I have had a problem with excessive underarm sweating for 13 years (I’m 28).  What, if anything, can I do about this?

Background on my health (as short as necessary) — I suffer from chronic debilitating migraines since, well, as long as I can remember.  The first one I recall is at age seven at a sleepover.  I relied on natural remedies and sleep for relief exclusively until the age of 14, when I began taking a slew of pretty heavy medications.  I did not begin menstruating until 15.  My family doctor believed this was because I was pretty significantly underweight (think 5’6″ 90 pounds), due the the fact that up to four nights a week I spent 4-8 hours violently vomiting from the migraines.

Once I gained weight I started my period, and that was around the time I started sweating excessively.  It does not matter the weather, the temperature, whether or not I’m under stress.  I don’t have body odor (that I know of, ha) but it can be a problem.  Also, I take 1000 mg of magnesium daily (for the migraines, has made a significant difference, at least in my mind) in addition to a multivitamin.  I would only consider myself a healthy eater for the past two years or so, prior to that, I was probably your average “think I’m eating healthy but I’m not.”

Any help you can provide would be wonderful.



I’m not a doctor, so please don’t take this as medical advice.

Have you ever had your thyroid checked? A lot of these symptoms are common in people with hyperthyroidism (overactive thyroid). Excessive sweating, being underweight, migraines, irregular or lack of a menstrual period. Other symptoms include high body temperature, anxiety, heart palpitations, heat intolerance, muscle weakness, fatigue, etc. You can google for more.

If your doctor can’t help you, find a good naturopath or holistic doctor.

7. Question:  Advice On Weight Loss?

Hi Ann Marie,

I love all that you do and post about. My question concerns weight and being overweight. I have been following a traditional diet for the past year (probably 80/20). I eat or cook with coconut oil, butter, lard, tallow and drink raw milk. It was and still is hard to wrap my brain around the full fat issue since we have all been so programmed into the low fat mentality.

I have not lost one pound for probably 2 years and I am 100 lbs overweight. My blood pressure is high and I am on medication for this. The only thing that keeps me convinced that the fat is not bad, is that my husband’s blood work was excellent — normal cholesterol numbers! (I haven’t had mine checked for quite a while.)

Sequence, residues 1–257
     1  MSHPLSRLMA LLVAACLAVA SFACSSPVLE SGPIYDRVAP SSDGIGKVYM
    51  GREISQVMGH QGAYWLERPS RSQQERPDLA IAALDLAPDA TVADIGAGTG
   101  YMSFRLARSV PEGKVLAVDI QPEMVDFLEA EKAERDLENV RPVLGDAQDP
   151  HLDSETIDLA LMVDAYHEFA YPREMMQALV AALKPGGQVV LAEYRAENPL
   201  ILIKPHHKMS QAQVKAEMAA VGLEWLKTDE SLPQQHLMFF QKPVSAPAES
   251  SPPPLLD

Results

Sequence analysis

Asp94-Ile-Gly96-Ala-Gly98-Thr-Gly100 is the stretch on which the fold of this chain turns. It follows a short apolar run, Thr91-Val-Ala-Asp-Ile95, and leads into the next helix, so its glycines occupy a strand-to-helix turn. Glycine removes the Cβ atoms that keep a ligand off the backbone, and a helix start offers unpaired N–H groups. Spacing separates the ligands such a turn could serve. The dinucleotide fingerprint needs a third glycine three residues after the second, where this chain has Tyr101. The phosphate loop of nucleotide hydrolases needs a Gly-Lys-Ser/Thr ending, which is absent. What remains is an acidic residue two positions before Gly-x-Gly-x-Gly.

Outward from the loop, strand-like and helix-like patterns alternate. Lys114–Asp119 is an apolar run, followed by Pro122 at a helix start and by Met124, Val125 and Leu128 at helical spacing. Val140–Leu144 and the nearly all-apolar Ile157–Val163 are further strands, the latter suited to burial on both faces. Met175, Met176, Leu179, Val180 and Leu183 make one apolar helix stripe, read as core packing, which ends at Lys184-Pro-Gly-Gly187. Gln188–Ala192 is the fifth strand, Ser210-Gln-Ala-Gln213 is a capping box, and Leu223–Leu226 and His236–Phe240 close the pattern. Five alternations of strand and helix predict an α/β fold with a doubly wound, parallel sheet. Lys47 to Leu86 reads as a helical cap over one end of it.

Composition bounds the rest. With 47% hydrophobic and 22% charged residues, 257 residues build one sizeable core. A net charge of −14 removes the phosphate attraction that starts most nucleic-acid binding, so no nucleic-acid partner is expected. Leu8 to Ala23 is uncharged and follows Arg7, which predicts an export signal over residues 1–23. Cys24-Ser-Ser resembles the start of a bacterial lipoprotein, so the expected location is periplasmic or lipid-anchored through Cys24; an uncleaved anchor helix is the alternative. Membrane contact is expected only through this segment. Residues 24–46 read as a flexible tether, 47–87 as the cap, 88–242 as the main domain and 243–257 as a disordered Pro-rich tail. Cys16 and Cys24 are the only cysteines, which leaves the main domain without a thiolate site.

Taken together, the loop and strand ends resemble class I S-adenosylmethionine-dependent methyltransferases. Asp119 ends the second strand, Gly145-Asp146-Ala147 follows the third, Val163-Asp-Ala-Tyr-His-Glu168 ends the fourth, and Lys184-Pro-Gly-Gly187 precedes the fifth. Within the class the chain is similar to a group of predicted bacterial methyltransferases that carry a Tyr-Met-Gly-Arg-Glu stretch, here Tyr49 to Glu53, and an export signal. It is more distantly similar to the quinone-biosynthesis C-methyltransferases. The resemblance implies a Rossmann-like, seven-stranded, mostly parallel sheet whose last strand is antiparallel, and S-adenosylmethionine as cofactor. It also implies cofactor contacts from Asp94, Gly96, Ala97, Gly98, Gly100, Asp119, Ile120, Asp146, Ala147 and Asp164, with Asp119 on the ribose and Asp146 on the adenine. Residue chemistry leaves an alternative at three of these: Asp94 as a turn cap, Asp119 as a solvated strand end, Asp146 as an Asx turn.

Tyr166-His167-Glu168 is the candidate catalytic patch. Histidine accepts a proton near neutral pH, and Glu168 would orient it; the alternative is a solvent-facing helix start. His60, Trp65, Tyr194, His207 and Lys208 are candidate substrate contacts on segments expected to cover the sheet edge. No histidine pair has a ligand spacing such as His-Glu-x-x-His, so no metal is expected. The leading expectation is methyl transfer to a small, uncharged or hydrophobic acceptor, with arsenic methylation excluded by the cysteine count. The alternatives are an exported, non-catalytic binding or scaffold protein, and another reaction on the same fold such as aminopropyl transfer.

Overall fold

I am going to start using magnesium oil as soon as my order arrives in hopes this will begin to help my blood pressure. I am also thinking of starting GAPS and I was wondering if you knew if my inability to lose weight is food allergy related. I am still drinking coffee, which I want to quit, but I really enjoy my 2 cups in the morning. My doctor told me to get rid of the salt shaker and eat no added salt. I have read some articles lately that say that salt is not the enemy (I use Redmond’s Real Salt sea salt) so again I am so conflicted with what to believe.

I am open to your thoughts on this.

Thank you!


Hi, Terri,

Weight gain can be caused by food allergies, because untreated food allergies cause inflammation.

Weight gain can be caused by lots of other things. Low thyroid function is a very common cause of stubborn weight gain. There are lots of other signs of hypothyroidism such as thinning hair, fatigue, dry hair and skin, brittle nails, low sex drive, etc.

High blood pressure is another symptom of hypothyroidism. Check out this article: High Blood Pressure and Hypothyroidism Can Go Hand in Hand.

If I were you, I’d start checking your body temperature (this post will tell you how) and have a full hormone panel done. You can order them online at Canary Club.

If you suspect food allergies, you can try an elimination diet for 3-4 weeks. That’s the best way to find out if you have anything you’re sensitive to.